Thursday, February 15, 2007

Cairngorm, good to the last drop, or just a drop in the bucket of other frameworks

Well tonight I, along with my comrade in arms Brian, braved the wintery weather of NYC to go to a Flex conference hosted by the New York Flex User Group. This was my first visit to the group and I am fairly new to flex so I thought that this would be a great opportunity to see what others are really doing with flex. Tonight's topic: Moving to Cairngorm, by Michal Glowacki. Right off the bat you can easily tell that Michal is quite intelligent. He was one of the cofounders of the Cairngorm framework (which was eventually bought out by Macrobe and is still in use today by Adobe).

Basically this framework works as a means of standardizing the location of code when developing projects. With this framework he breaks it up into three layers: View, Control and business logic (I know this is not what he said, I'll have to fix this later, but this is the essence of it). In short you put all your display code in one folder, the handling of 'gestures' (button clicks, mouse movements etc) in another, and any other business logic in a third. The really good part about this framework is that if you have multiple developers working on a flex project, they can all work on separate pieces without stepping on each other's toes. However, if you are a single developer or your application is very small, this is basically overkill. Michal opened by saying that if you include all of the Cairngorm libraries, your movie size will be 300k+ larger - yikes. Perhaps he meant source code size, but it wasn't clear. I know you can just import the libraries you need so that problem is out the window.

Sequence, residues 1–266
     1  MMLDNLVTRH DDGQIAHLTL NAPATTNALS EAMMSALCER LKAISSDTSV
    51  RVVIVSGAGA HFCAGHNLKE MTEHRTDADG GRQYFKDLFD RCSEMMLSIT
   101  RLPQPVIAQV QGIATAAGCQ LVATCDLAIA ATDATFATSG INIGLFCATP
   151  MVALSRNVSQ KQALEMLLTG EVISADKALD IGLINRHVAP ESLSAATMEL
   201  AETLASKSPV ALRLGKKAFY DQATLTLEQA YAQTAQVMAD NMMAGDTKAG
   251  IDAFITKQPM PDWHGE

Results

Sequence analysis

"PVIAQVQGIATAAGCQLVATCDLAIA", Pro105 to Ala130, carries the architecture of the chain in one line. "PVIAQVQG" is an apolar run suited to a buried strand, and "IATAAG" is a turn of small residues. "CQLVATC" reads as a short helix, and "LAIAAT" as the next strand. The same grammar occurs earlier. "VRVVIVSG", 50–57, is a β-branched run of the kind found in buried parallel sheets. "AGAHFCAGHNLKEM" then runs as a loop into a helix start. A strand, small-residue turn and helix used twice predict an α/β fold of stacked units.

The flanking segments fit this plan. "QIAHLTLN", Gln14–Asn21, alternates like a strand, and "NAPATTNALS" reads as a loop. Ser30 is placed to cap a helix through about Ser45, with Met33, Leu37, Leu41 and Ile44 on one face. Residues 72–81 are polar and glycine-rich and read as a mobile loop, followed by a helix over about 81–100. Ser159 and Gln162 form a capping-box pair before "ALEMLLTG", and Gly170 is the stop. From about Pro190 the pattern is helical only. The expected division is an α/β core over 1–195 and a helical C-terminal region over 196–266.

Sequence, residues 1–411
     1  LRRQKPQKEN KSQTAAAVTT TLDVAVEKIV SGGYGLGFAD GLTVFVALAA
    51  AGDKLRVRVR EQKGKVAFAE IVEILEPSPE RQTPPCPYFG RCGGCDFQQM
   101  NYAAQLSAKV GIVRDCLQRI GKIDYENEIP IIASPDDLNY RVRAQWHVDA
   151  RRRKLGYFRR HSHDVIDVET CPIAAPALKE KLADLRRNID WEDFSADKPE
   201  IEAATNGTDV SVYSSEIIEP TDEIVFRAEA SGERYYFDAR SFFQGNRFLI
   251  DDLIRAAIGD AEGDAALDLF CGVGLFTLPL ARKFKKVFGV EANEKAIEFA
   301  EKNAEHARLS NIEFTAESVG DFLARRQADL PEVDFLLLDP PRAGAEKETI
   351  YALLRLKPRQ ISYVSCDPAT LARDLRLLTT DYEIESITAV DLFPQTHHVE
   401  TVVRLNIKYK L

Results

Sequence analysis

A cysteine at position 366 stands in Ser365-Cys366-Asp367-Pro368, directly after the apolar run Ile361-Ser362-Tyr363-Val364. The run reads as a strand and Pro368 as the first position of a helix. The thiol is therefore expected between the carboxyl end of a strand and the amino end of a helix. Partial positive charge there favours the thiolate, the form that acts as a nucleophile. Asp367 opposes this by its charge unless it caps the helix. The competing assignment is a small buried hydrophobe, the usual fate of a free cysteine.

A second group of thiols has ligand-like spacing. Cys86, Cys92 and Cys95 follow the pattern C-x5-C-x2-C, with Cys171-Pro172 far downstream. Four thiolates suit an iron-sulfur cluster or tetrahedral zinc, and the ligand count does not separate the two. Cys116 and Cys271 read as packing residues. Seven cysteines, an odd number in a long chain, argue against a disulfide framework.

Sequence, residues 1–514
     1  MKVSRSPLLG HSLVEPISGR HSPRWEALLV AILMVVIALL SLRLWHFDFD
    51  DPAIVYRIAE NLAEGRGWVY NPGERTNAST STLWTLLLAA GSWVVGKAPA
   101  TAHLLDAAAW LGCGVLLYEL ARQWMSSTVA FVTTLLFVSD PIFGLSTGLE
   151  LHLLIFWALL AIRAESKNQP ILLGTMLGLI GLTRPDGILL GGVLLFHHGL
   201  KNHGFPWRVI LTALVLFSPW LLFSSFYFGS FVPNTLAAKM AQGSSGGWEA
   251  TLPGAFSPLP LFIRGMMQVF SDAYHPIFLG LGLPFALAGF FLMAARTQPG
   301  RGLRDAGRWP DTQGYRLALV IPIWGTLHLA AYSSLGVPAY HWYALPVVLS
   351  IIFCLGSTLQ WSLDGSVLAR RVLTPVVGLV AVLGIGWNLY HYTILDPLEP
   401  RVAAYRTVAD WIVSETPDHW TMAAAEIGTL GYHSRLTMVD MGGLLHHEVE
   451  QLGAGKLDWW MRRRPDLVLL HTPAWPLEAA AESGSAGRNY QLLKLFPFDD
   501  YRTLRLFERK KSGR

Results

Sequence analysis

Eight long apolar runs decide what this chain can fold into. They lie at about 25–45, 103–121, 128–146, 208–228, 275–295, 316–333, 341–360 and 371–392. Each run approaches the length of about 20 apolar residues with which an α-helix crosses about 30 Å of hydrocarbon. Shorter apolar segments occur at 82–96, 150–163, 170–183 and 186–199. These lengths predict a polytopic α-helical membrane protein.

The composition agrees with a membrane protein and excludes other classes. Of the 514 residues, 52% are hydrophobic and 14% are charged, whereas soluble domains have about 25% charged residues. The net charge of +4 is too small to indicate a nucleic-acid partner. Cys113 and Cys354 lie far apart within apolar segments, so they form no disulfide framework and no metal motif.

I won't delve too much into the actual presentation, but just a note for any future developer/presenters, not only does PowerPoint kill, but if you code an application from scratch in front of an audience, yes it is quite a feat, however it is boring as hell to watch. Just show the audience the end product and explain each piece, or save a few lines for the audience and then wow them with the result, or show a completed product and ask the audience for suggestions on what to build into it.

So overall here is a quick breakdown of Cairngorm:
  • Great for multiple developers
  • Crappy for single developer shops, or very small applications
  • Don't bother retro fitting existing applications (Michal basically dodged a question as to whether it was worth rewriting existing applications)
  • New applications or potentially complicated applications can benefit from a standardized framework of code - not necessarily Cairngorm, just a standard framework

[rant]NOW for the rant of the day - DO NOT come out with a radically different framework when going from version 2.0 to 2.1. That is just stupid. What good is a standardizing framework if it keeps changing??? UGGG - I won't be using this framework until version 20, or whenever they decide to make it consistant.[/rant].

OK any advocators of Cairngorm who wish to turn me around feel free to post. I just don't see it - maybe I'm just a flex neophyte, or maybe it was the cold weather (and stepping in a very cold puddle), but I just don't see it yet...

Want to play with Cairngorm:

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